The Olympics, the athletes and the problems of inclusion: I want to cry, guys, you do not understand what I went through this year!
The numerous disqualifications of Olympic athletes for breaking the rules is the right time to ask ourselves if it is time to change something.
Brianna McNeill, the 2016 Olympic 100m hurdles champion who qualified with the US team last month, would never think of telling anyone but her husband and, as she later explained, her spiritual advisor, about the abortion she had in January 2020. Certainly McNeil did not want to share the sad story of her life with the World Athletics Association, much less with public opinion. When interviewed after the Olympics, she said: "At this moment I want to cry. Guys, you do not understand what I went through this year. "I am just very upset."
I was punished for the important decision I made - abortion
McNeil, 9, was suspended for five years for doping violations after failing an anti-doping test two days after the abortion. The young athlete justified herself by saying that she was in bed recovering from an abortion at the time, and that she did not hear that the anti-doping officer had arrived at the front door of her Northridge home. In two other interviews, McNeill repeated the story, emphasizing how he felt "forced to disclose personal information" to fight the ban and justify his name. Her lawyer failed to convince the Swiss Sports Arbitration Court, which upheld her five-year suspension in a July 13 ruling, meaning McNeil would have no chance of defending his Olympic title and will miss the next two Summer Games. The court added another sentence, so McNeil was disqualified from all competitions from February 14 to August 2020, XNUMX and should give up all medals, prizes and money won during that period. Speaking to sports anti-doping authorities, the American champion said: "They say they protect pure athletes, but I do not feel protected at all. "I feel like I was condemned for my very important decision I made and it really affected my life forever."
Sprinter with a sincere sigh: Well, I'm a man!
But the stories of athletes eliminated at the last minute before the Olympics are numerous. Last week, the list also included the sensational Sha Kari Richardson, a favorite for gold, this time not because of her incredible speed, but because she was positive for marijuana. The World Anti-Doping Agency bans the use of cannabinoids because it considers them to be dangerous for athletes and that by taking cannabinoids they do not adhere to the "sports spirit", but also that they can provide "performance improvements" for some athletes. (Although in-depth research is needed, a 2017 academic review found that THC - Tetrahydrocannabinol, a major psychoactive ingredient in cannabis, does not improve aerobic performance.) Sha Kari Richardson's first words were: Twitter. The sprinter therefore has no intention of looking for excuses. She just wants to prove that the substance use took place long before the competition and that it did not give her any competitive advantage.
Athletes and "unnatural" natural testosterone levels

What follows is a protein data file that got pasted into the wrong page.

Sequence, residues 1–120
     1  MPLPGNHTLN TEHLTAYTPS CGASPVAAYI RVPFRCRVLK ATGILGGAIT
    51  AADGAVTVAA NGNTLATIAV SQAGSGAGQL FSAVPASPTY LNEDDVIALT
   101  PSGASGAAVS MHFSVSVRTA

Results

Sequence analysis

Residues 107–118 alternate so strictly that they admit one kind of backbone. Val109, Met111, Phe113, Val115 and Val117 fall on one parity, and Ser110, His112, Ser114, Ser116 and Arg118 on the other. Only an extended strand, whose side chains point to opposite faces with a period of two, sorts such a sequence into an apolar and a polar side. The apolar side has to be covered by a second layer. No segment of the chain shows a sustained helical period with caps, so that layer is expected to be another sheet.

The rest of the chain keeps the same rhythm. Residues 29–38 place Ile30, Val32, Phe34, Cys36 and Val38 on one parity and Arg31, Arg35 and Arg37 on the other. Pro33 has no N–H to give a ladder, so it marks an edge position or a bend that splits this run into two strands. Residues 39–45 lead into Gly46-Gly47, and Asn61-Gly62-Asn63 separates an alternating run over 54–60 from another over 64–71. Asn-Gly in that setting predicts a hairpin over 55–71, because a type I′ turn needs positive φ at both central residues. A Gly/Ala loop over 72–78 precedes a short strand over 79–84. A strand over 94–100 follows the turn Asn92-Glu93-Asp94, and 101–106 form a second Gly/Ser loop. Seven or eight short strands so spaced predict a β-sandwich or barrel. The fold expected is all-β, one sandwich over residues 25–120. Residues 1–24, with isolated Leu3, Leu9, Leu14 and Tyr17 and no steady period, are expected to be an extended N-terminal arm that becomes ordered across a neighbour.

Recently, Christine Mboma and Beatrice Masilingi, two 18-year-old Namibian athletes, were excluded from the 400-meter dash at the Olympics because, according to the Namibian National Olympic Committee, their natural testosterone levels were considered too high. This ruling is based on the World Athletics' controversial policy towards athletes with diversity in sexual development (DSD), which requires that the testosterone levels of all female competitors fall below a certain level if they participate in certain competitions. This rule does not apply to male athletes.
One week earlier, US transgender racer Cese Telfer had been suspended from the US Athletics Championships because the 400-meter hurdles competitor failed to meet World Athletics guidelines for acceptable testosterone levels. Telfer is the first transgender woman to win an NCAA title. As an athletic student at Franklin Pierce University, Telfer first competed in the men's competition from 2016 to 2017, but after starting her transition to becoming a woman, she was allowed to compete in the women's competition.
For men, however, higher-than-average natural testosterone is a competitive advantage, while for women it is a threat to their careers.
Arbitrary definition of gender
This new wave of disqualification tells us that some of the current rules of sporting competition have a major and unfair effect on women, especially African American and female athletes who do not fit into the arbitrary definition of the gender of World Athletics. In addition, it is really time to make sports accessible and inclusive for everyone, including those who do not meet the prescribed gender norms. It is time to give support to athletes who are pregnant or trying to conceive, who are mothers who are breastfeeding, who have had an abortion or who are seeking reproductive care. It is time to give priority to the mental health of all racing players, as a top priority. It's time to do some math. As we celebrate the Olympic Games with the highest participation of women, like the ones in Tokyo, however, let us not forget those who did not have the opportunity to arrive, for perhaps not entirely reasonable reasons.